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    Tulsa District talks severe weather, water safety at local expo

    Tulsa District talks severe weather, water safety at local expo

    Photo By Brannen Parrish | Tulsa District weather forecaster, Taft Price and Park Rangers Conner Rychlik Audrey...... read more read more



    Story by Brannen Parrish 

    U.S. Army Corps of Engineers, Tulsa District

    A Tulsa District meteorologist and park rangers attended the Severe Weather Expo to talk weather and water safety at Woodland Hills Mall in Tulsa, April 15.

    Local, state and federal agencies, news companies and businesses provided representatives to engage the public on weather safety and weather-related responses associated with inclement weather.
    Severe weather is a reality that significantly impacts the people of Oklahoma directly or indirectly.

    According to data from the National Weather Service, the Sooner State experienced 58 tornados in 2022 with at least one tornado each month in seven of the 12 months.

    According to the same data, May was the worst month for tornadoes in Oklahoma with 28.

    A tornado helped set the course for the career of forecaster Taft Price of the Tulsa District’s Hyrdraulics and Hydrology Section.

    “When I was in high school, a tornado hit the house, I had just made it back from a baseball tournament about 30 minutes before. A tornado hit our house in the middle of the night,” said Price, who went on to attend the University of Oklahoma’s School of Meteorology. “And it wasn’t really that strong of a storm, so I said to my dad after our roof blew off ‘why did that storm produce a tornado when other big storms I’ve seen didn’t?”

    Price went on to spend the next 25 years as a television meteorologist in Oklahoma before joining the Tulsa District.

    While tornadoes are probably the most closely related weather phenomena associated with Oklahoma, the Sooner State has a long history of flooding and flood fighting.

    Knowing how much water on the ground helps USACE water managers make decisions about opening and closing tainter gates at the dams. Forecasters like Price help model potential weather patterns for planning.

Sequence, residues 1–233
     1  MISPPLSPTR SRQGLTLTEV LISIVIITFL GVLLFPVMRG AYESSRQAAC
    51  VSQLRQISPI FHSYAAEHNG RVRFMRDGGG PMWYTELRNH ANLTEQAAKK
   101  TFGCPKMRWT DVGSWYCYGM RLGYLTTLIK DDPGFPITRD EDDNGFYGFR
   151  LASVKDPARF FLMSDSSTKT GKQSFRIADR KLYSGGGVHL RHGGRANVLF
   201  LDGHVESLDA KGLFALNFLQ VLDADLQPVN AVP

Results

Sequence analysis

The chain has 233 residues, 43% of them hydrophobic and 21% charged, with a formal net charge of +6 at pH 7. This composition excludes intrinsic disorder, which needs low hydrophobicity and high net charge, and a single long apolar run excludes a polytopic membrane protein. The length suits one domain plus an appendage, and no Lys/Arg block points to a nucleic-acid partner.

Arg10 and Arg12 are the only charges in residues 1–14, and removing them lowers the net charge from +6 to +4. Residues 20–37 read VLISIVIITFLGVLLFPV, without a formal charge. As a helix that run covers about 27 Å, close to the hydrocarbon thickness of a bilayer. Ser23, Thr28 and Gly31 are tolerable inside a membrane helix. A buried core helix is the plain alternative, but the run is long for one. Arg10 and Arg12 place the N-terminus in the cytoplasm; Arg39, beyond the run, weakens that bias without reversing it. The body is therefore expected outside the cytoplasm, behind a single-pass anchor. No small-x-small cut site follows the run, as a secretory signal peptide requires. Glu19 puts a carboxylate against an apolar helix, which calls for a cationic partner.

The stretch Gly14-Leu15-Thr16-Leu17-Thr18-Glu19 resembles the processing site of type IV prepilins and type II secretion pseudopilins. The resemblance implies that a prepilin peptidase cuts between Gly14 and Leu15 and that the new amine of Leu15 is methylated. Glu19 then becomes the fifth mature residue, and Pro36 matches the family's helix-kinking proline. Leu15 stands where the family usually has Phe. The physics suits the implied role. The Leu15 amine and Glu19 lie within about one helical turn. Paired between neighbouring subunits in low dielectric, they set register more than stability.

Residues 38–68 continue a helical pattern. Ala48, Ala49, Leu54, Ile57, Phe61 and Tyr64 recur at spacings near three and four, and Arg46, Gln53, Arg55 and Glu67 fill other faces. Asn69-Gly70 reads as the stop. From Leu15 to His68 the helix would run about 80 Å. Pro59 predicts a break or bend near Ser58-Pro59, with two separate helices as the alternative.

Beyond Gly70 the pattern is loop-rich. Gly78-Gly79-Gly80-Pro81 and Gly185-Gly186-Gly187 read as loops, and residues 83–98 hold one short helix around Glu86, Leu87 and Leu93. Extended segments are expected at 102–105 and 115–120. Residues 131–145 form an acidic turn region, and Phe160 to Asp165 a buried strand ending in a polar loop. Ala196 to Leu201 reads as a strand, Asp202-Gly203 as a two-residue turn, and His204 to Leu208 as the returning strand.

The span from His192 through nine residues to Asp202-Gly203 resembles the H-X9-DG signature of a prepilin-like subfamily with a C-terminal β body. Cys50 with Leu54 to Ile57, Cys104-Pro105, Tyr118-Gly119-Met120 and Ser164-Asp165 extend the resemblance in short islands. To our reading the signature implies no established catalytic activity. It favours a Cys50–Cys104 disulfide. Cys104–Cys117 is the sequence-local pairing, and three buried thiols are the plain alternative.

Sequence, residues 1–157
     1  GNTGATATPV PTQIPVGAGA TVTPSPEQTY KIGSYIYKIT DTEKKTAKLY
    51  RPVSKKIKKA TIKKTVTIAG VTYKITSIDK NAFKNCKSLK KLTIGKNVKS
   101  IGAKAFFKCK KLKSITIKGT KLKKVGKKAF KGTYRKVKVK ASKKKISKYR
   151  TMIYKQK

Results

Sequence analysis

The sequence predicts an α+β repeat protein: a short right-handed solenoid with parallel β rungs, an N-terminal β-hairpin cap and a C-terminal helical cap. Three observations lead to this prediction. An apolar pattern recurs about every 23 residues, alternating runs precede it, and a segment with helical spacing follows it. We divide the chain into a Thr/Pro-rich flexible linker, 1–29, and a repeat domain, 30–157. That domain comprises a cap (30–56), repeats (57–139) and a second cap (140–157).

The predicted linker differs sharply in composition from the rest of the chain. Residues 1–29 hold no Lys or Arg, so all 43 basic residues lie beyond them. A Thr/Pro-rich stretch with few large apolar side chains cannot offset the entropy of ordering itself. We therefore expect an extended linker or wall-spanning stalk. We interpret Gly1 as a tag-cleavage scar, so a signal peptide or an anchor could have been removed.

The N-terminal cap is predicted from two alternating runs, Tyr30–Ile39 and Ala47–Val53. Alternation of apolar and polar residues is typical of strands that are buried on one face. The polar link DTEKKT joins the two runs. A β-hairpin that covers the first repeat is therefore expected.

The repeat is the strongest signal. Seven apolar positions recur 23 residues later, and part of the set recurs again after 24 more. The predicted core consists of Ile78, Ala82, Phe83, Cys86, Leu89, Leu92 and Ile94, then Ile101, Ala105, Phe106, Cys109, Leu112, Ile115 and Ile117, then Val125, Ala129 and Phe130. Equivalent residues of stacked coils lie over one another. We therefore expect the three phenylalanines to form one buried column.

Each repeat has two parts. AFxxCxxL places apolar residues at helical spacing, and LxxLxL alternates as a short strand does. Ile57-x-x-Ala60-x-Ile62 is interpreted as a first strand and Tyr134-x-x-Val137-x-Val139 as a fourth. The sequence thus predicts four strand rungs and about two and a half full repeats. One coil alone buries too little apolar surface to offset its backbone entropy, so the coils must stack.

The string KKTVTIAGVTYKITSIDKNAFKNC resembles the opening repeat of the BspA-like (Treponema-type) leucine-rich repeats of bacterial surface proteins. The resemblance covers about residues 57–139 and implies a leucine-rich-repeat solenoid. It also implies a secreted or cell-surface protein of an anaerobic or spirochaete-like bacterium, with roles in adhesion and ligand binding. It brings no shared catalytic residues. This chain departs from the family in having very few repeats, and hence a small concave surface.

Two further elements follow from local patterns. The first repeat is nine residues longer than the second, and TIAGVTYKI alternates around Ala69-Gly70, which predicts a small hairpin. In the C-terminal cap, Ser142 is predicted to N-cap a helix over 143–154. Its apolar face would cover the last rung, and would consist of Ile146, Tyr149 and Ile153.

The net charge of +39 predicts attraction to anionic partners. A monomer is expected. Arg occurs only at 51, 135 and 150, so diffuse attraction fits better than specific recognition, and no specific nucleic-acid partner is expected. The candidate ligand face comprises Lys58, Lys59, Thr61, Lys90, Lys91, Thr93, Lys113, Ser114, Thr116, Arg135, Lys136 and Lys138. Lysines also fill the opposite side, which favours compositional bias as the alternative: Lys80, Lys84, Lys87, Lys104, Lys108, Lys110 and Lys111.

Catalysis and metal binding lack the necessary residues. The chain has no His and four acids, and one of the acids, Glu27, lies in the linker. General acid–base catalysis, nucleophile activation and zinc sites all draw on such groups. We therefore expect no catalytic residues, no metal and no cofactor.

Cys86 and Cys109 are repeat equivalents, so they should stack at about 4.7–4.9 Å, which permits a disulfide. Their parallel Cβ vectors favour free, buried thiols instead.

“Forecasting is such a challenge because there’s so much that goes into it, and for us it’s the same thing. We can see five inches of rain is coming in three days but two days out, now it’s down to three inches and that’s where, it’s always changing, the bullseye is always moving around and just a small change of a half mile or a mile of where that’s at can make a huge difference in whether we should release or not release and that’s why we wait until the water is on the ground.”

    In fact, flood risk reduction is the Tulsa District’s primary mission and the primary reason most of its lakes were constructed or authorized for construction during the era of flood control acts from the 1930s to 1960s.
    These flood control reservoirs enabled recreation.

    As water-based recreation became more commonplace, Water Safety became a USACE mission. Ultimately the USACE became a leading provider of water-based recreation in the United States with more than 400 lake and river projects in 43 states and 250 million visits annually.
    Park rangers like Audrey White of the Lake Texoma Project Office became the tip of the USACE’s spear in visitor engagement and water safety education.

    While handing out water safety schwag and talking to the public, White, who has been a ranger for about two years, explained how working around recreation changed her perspective on life jacket wear.

    “It didn’t really cross my mind how often accidents can happen and also easily be prevented by wearing a life jackets,” said White. “Accidents happen and people don’t think it can happen to them, but we want to ensure that people understand it can happen to you. It’s important to wear your life jacket even if you can swim.”



    Date Taken: 04.15.2023
    Date Posted: 04.19.2023 11:05
    Story ID: 442901
    Location: TULSA, OK, US 

    Web Views: 74
    Downloads: 0